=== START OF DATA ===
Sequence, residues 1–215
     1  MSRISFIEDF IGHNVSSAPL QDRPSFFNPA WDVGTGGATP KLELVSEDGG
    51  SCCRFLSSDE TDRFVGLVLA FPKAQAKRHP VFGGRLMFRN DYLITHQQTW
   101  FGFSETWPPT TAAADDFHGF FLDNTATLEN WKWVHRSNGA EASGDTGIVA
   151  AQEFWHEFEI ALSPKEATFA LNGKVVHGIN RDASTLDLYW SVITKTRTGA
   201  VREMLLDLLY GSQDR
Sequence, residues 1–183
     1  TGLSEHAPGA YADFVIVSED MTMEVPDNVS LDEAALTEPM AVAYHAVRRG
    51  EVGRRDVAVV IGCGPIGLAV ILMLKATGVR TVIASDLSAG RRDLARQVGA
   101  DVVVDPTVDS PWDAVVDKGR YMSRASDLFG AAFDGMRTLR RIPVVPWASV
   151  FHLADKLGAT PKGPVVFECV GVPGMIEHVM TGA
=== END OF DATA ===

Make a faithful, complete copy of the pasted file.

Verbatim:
Sequence, residues 1–215
     1  MSRISFIEDF IGHNVSSAPL QDRPSFFNPA WDVGTGGATP KLELVSEDGG
    51  SCCRFLSSDE TDRFVGLVLA FPKAQAKRHP VFGGRLMFRN DYLITHQQTW
   101  FGFSETWPPT TAAADDFHGF FLDNTATLEN WKWVHRSNGA EASGDTGIVA
   151  AQEFWHEFEI ALSPKEATFA LNGKVVHGIN RDASTLDLYW SVITKTRTGA
   201  VREMLLDLLY GSQDR
Sequence, residues 1–183
     1  TGLSEHAPGA YADFVIVSED MTMEVPDNVS LDEAALTEPM AVAYHAVRRG
    51  EVGRRDVAVV IGCGPIGLAV ILMLKATGVR TVIASDLSAG RRDLARQVGA
   101  DVVVDPTVDS PWDAVVDKGR YMSRASDLFG AAFDGMRTLR RIPVVPWASV
   151  FHLADKLGAT PKGPVVFECV GVPGMIEHVM TGA